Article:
At 9cm in width this delicately patterned length of light lace trim seems ideally suited to trimming a baby’s christening gown or a cradle.
This embroidered style of lace was rarely used on fashionable garments but more widely used on bed linen and undergarments and judging by the creases in the lace, it is possibly made of silk which would have made it very expensive. There were two types of embroidery machines, the earliest was the Hand Embroidery machine invented by Joshua Heilman in France in 1828. It makes a perfect copy of hand embroidery except that all of the pattern repeats are exactly the same. The second type and the most likely to have been used for this piece is the Schiffli Embroidery machine Invented by Isaac Groebli in 1865 in St. Gallen, Switzerland. The first machines were relatively small and could be operated by a couple of people, mostly women but by the beginning of the 21st century they could be up to 18 metres in length and work with over a thousand needles. Most machine embroidered laces are made using the Schiffli machine and Nottingham in England, Plauen in Germany and St. Gallen in Switzerland still produce a great deal of embroidered lace.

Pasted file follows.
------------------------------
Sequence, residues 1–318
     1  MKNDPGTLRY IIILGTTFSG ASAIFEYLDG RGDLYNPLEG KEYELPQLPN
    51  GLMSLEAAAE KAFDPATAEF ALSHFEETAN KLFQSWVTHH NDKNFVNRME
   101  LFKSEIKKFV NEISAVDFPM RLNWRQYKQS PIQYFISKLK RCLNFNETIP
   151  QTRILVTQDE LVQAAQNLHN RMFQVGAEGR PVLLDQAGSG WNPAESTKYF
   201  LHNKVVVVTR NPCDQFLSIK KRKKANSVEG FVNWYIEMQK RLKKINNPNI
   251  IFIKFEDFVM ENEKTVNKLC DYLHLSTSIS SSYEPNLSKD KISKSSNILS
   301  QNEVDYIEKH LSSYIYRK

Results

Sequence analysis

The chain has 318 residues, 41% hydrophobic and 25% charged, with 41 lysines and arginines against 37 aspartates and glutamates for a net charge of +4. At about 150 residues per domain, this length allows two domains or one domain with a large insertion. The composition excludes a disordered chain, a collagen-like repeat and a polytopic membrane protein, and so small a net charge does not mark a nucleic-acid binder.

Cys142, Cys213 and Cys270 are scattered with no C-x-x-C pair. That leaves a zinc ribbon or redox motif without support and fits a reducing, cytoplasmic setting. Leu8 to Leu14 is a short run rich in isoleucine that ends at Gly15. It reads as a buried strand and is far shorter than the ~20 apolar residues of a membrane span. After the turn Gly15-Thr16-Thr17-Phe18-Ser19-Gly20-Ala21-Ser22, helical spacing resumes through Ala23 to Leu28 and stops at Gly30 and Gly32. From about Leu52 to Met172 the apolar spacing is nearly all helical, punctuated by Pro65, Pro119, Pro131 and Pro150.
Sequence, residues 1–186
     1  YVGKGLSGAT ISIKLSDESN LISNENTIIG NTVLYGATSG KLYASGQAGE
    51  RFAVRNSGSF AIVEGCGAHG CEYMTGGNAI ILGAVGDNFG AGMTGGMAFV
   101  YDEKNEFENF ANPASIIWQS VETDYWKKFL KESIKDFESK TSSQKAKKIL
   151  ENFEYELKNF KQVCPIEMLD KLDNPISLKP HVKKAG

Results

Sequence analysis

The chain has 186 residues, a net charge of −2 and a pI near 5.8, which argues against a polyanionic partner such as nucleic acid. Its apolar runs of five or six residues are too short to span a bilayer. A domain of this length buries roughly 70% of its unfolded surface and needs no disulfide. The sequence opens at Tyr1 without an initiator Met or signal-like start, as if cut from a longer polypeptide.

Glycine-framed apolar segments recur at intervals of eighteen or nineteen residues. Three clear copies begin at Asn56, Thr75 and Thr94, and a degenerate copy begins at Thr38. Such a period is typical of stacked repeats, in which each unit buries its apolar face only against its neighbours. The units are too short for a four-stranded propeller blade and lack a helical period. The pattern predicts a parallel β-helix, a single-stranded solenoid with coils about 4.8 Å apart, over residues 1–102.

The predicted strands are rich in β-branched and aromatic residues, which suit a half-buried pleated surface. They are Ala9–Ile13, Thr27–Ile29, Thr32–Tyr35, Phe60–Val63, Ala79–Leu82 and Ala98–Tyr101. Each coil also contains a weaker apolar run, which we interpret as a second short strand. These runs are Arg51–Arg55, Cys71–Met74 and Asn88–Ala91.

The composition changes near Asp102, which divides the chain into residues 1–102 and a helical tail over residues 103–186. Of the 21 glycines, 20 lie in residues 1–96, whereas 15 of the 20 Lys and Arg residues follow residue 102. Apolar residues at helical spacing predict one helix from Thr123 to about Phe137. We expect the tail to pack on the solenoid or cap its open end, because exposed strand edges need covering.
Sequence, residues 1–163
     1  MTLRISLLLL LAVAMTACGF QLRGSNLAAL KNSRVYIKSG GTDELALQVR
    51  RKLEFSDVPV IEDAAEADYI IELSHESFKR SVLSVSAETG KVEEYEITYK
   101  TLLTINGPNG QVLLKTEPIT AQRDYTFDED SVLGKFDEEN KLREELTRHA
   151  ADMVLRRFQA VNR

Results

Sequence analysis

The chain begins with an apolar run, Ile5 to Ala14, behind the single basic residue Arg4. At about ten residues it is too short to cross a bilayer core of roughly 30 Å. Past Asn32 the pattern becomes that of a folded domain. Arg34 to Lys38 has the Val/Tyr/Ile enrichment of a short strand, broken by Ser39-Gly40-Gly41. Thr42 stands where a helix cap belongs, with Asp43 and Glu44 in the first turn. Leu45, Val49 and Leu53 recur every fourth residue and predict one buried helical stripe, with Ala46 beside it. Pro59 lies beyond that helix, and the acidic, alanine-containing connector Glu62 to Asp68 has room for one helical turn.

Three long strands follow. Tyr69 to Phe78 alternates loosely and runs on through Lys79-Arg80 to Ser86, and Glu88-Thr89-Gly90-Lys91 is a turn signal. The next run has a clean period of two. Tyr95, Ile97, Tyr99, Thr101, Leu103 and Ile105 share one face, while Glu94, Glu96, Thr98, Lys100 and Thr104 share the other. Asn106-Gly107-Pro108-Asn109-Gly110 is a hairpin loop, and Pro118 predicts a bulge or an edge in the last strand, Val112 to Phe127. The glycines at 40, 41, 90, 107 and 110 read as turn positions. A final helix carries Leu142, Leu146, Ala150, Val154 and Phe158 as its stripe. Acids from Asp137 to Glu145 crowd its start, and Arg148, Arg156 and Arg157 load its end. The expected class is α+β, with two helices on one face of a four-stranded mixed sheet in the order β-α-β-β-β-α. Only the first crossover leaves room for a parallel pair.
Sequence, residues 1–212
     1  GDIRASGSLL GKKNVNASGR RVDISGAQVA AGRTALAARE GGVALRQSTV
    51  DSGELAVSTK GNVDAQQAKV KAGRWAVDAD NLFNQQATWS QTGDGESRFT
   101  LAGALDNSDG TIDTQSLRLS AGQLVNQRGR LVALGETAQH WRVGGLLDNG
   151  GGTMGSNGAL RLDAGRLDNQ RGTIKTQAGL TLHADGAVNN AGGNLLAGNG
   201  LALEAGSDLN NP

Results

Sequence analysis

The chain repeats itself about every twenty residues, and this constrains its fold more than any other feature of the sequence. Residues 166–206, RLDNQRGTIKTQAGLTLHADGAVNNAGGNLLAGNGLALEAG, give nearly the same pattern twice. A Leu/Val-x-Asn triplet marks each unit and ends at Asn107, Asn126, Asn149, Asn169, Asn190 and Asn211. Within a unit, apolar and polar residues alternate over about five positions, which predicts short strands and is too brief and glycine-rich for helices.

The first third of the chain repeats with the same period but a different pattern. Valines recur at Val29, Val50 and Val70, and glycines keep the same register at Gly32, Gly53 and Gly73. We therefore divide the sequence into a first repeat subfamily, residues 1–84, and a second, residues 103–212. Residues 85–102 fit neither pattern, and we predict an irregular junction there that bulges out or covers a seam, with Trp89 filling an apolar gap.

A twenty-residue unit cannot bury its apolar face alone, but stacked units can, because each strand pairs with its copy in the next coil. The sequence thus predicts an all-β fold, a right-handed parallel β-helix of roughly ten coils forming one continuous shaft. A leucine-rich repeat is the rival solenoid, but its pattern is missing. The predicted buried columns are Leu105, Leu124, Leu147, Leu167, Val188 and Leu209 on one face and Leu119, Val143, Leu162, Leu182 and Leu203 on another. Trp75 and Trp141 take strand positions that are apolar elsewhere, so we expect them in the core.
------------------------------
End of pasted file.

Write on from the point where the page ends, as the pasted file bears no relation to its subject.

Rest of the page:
The Amess family owned Churchill Island from 1872 to 1929
Length of wide lace trim with dots on net ground and selvage edge, other edge complex scallop.